Question: My preschooler has developed an aggravating problem. He’s always been a little scared of bugs, but recently he was bitten by something at school during snack time, and now he flies into complete hysterics every time the class is supposed to go outside. What’s the solution?


It sounds like your child has developed his own version of entomophobia, which is a fear of insects. As you’re finding out, it’s tough to be four or five years old and bugged by bugs – a phobia like this can really put a cramp in your style if you’re a kid who has always enjoyed playing outdoors. Here’s what we would suggest.

Understand the fear

If your son was already afraid of bugs and then actually suffered an insect bite, it’s only natural that his fears would escalate. That part is understandable. At the same time, his reaction seems pretty extreme, so we’re guessing that he may be naturally anxious or high-strung. This could be a matter of inborn temperament, in which case he is probably always going to be the kind of child who needs a lot of extra reassurance and comfort from you. You don’t need to feel hesitant about supplying this need in appropriate measure, but neither should you baby him unnecessarily. Instead, look for ways to help him conquer his fears. 

As you tackle this challenge, remember that your child’s panicked reaction stems from two causes: his young age and his lack of understanding. Adults who suffer from phobias are usually aware that their fear is irrational, but continue to struggle with anxiety and avoidant behaviour in spite of what they know to be true. Children’s fears, on the other hand, can often be attributed to simple inexperience – they become paranoid because they don’t have complete or accurate knowledge of the thing that scares them.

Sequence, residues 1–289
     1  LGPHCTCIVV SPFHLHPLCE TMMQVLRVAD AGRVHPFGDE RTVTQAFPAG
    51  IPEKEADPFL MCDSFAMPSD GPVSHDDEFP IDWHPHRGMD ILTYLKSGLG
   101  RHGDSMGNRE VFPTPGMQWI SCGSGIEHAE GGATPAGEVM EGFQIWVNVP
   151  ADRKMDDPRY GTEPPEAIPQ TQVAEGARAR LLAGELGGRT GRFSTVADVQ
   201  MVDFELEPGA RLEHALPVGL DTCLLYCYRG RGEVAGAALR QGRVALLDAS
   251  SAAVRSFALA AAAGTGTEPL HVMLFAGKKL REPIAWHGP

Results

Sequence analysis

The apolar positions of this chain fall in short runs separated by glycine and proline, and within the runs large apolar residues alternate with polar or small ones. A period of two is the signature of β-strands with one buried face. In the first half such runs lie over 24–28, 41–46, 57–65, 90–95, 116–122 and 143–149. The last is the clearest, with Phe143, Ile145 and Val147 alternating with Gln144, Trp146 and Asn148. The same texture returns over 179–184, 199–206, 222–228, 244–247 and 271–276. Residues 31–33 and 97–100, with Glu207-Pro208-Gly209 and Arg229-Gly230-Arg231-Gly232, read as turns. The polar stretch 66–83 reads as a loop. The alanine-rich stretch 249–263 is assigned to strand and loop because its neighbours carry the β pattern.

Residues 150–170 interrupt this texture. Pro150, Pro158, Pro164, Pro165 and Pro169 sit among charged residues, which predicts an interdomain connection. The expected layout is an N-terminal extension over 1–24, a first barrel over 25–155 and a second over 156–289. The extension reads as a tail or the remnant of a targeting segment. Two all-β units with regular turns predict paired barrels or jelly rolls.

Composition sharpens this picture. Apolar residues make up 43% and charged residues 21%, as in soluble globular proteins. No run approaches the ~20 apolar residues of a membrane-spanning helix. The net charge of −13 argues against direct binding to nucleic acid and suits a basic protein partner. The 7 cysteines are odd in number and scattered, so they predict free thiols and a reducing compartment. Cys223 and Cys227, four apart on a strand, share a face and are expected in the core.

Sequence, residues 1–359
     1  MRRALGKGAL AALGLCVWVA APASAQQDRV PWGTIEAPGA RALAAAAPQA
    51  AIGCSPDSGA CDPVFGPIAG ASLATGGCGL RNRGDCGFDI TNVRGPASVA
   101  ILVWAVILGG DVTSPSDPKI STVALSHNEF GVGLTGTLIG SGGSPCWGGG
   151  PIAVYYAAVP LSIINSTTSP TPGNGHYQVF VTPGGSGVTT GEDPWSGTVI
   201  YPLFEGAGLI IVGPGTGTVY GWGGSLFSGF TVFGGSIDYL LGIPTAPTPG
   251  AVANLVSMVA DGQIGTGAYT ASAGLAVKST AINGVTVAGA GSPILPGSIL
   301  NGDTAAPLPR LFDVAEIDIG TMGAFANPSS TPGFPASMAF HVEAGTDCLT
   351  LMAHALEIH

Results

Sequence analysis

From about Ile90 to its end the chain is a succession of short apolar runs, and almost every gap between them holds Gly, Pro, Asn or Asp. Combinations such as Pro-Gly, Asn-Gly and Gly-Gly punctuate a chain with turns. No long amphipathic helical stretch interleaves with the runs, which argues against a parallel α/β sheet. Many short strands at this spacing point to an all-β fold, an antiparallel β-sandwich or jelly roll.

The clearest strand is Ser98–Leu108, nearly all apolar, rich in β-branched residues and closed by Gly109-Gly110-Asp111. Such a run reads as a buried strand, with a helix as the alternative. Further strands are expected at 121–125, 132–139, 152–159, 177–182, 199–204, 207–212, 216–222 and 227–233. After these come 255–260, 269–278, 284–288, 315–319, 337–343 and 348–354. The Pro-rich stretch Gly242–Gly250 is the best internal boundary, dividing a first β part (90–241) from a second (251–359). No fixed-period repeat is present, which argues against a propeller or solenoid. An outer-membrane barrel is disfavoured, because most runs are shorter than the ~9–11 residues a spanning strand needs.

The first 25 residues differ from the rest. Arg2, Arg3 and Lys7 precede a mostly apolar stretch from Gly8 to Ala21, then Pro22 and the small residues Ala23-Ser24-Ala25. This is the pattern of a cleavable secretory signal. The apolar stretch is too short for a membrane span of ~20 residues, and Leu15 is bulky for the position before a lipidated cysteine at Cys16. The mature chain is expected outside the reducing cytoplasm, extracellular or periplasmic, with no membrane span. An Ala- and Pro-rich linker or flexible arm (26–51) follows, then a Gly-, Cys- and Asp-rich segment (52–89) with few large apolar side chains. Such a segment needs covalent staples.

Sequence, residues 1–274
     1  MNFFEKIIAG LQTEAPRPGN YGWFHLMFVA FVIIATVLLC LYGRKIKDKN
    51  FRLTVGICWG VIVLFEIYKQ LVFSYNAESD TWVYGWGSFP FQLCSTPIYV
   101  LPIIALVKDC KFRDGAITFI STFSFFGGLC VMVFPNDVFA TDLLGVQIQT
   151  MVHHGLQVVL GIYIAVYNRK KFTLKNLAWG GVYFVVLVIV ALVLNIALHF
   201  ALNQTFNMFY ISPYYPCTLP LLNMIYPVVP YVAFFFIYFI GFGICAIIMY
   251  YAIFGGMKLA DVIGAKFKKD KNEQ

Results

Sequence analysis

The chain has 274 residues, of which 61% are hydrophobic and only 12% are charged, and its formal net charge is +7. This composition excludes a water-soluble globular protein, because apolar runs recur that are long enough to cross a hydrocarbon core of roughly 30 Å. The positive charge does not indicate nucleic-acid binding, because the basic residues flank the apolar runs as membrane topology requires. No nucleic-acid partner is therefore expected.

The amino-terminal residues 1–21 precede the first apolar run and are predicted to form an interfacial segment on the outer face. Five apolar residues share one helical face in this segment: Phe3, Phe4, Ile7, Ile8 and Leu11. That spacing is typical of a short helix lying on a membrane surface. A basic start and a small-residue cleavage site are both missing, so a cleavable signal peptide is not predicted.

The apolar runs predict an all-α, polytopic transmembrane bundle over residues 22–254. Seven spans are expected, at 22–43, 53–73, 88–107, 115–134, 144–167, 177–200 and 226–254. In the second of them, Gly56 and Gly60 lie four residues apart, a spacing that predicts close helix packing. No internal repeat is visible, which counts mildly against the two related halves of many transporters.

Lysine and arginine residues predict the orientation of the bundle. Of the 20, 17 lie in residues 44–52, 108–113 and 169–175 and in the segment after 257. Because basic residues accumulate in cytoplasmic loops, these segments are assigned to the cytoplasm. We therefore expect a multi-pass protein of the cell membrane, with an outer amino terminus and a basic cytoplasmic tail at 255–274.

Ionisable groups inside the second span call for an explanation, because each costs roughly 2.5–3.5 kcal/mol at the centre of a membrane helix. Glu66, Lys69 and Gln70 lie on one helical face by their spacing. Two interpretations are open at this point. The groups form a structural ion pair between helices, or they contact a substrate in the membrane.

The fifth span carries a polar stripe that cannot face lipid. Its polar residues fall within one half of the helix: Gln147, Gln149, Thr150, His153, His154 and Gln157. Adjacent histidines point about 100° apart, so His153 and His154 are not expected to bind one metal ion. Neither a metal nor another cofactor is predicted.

A fun project

A very practical strategy you can adopt would be to make a fun project out of helping him overcome his fear. Go to the library together and check out some books on bugs. Help your child identify the different species of insects. Learn their names and talk about how they live. Start with harmless-looking bugs such as lady bugs and caterpillars. Get out the crayons and draw pictures of insects together. Giggle and laugh as you draw. You might even buy some toy plastic bugs for him to play with. The point of all this, of course, is to take the thing that causes him to panic and make it familiar and fun.

If you follow this course of action, our guess is that this phase will pass and your child will eventually learn that most bugs are harmless. If this doesn’t happen – if the problem persists beyond a few months or seems to get worse – you may want to consult with a child psychologist. Focus on the Family Canada’s counselling department can supply you with a list of referrals to qualified Christian therapists practicing in your local area. They’d also be more than happy to discuss your son’s situation with you over the phone. You can reach them Monday through Friday, between 8 a.m. and 4 p.m. Pacific time at 1.800.661.9800. 

© 2010 Focus on the Family. Used by permission. All rights reserved. 

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